London Southend airport will shut for more than half of the week from Monday due to the complete collapse in passenger demand caused by the coronavirus outbreak.
From next week, the airport will only be open between 16:30 and 21:30 on Tuesdays, Thursdays and Sundays due to severely reduced service.
Due to the onset of stringent travel restrictions and border closes, Southend’s partners Easyjet and Ryanair have suspended all flights from the airport until May at the earliest.
Wizz Air will continue to operate three weekly flights to Bucharest, and Loganair will run three flights to both Aberdeen and Derry a week.
In a statement, the airport said that it would continue to run a full logistics operation, thus protecting the jobs of its employees.
Shares in Stobart Group, which owns the airport, fell nearly 15 per cent today.
Yesterday London City Airport suspended all flights in and out of the airport for the foreseeable future.
The airport has only been running a handful of daily flights, with numbers sharply decreasing due to the travel restrictions imposed in Europe and the US.
London City Airport chief executive Robert Sinclair said it was the “right and responsible course of action to protect the safety and wellbeing of our staff and passengers”.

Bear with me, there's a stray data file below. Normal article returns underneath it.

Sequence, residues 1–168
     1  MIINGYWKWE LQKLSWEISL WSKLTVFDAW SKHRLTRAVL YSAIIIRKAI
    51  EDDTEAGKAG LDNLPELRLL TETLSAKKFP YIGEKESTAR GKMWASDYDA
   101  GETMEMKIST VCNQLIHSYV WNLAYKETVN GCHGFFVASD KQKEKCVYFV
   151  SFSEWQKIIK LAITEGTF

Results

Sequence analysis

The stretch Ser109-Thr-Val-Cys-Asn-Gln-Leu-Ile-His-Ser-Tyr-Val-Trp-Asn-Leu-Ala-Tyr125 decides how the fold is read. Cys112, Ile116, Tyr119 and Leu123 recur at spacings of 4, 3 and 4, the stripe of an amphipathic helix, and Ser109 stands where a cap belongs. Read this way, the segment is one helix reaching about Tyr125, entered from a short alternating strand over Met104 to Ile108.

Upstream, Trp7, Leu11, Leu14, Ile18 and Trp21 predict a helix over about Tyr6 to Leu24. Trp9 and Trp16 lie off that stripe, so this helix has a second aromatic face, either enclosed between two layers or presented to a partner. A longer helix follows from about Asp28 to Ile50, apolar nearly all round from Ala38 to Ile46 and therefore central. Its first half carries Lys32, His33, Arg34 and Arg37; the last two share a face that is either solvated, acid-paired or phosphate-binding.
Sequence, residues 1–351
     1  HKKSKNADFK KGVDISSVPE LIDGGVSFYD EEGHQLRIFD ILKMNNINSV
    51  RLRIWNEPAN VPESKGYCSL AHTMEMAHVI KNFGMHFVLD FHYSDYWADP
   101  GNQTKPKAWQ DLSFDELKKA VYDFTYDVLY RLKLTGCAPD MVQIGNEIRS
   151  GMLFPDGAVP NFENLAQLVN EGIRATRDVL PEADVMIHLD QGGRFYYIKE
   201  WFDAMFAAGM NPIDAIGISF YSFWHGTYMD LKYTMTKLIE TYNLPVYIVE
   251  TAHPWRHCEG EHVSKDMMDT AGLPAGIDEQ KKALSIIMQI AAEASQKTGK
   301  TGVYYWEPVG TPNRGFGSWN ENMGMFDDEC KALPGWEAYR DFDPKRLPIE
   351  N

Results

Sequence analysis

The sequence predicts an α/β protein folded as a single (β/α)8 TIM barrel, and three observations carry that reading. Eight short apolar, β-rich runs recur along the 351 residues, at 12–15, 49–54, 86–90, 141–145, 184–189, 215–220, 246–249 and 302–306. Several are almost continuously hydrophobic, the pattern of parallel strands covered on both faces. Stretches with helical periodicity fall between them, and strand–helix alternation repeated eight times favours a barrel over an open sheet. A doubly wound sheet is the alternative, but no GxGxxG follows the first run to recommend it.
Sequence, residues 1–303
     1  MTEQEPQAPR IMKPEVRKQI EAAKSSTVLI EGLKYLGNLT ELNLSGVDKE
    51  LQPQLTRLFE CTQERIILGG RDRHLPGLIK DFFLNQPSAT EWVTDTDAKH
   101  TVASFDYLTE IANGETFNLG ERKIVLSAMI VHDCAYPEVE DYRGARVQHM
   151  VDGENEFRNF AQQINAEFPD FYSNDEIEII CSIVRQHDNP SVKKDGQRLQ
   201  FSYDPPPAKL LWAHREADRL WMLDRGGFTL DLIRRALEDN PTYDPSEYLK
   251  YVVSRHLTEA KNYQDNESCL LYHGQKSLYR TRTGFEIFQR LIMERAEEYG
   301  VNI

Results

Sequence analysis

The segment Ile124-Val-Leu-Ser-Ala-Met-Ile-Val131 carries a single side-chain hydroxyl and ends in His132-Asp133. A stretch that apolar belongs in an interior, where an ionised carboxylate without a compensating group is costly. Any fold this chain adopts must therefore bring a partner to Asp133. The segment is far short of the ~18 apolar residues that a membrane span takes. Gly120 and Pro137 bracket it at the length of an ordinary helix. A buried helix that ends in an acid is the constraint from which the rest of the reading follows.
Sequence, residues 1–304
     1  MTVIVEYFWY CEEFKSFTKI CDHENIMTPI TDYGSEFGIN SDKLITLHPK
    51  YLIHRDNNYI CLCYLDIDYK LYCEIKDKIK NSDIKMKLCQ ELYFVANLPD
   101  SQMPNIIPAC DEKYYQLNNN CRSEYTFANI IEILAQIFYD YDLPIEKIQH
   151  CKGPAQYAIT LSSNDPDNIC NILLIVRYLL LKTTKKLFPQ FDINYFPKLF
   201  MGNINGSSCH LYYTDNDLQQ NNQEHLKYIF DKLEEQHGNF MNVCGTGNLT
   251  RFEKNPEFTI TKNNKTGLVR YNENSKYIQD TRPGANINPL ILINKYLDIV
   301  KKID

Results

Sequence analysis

He added: “The fundamentals of our business remain strong.
“The airport is backed by very committed, long-term investors and, once confidence returns to the market, the airport and our staff will be ready once again to quickly return to normal operations.”
The closures come after chancellor Rishi Sunak revealed earlier this week that the UK aviation sector would only be given state aid as a last resort.
The statement sparked fury from the Airport Operators Association (AOA), an aviation trade body, who said last week that some airports were “weeks away from closing”.
In a statement, AOA chief executive Karen Dee said: “While countries across Europe have recognised the vital role airports play and are stepping into the breach, the UK government’s decision to take a case-by-case approach with dozens of UK airports is simply not feasible to provide the support necessary in the coming days.
“Not only does the decision today leave airports struggling to provide critical services, it will hamper the UK recovery.”